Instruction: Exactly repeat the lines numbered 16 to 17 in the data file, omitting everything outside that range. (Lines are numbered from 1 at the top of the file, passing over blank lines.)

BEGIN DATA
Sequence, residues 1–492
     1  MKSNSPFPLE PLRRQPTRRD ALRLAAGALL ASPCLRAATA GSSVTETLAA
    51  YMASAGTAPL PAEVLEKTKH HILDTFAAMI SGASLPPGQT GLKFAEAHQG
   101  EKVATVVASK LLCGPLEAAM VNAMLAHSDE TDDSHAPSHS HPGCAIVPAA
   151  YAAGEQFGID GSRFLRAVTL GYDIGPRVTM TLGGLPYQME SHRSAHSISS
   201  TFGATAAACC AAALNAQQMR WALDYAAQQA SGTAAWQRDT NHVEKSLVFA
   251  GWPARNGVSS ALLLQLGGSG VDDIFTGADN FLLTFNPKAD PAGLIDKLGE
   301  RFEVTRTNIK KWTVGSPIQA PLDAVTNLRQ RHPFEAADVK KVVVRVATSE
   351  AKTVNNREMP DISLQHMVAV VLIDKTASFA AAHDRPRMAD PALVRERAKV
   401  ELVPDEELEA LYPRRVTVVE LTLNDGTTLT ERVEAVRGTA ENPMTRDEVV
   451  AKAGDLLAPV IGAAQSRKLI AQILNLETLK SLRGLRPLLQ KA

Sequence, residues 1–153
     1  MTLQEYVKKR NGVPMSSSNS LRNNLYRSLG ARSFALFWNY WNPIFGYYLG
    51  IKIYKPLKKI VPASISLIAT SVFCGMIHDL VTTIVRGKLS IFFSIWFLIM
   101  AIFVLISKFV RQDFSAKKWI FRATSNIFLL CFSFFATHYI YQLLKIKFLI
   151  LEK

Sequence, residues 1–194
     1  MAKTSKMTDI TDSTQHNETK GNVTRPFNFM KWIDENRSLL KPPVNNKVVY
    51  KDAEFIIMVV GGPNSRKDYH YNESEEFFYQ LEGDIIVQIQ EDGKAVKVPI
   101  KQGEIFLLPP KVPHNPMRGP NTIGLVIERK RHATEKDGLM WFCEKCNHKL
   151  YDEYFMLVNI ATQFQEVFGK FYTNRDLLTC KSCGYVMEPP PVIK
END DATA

   151  LEK

Sequence, residues 1–194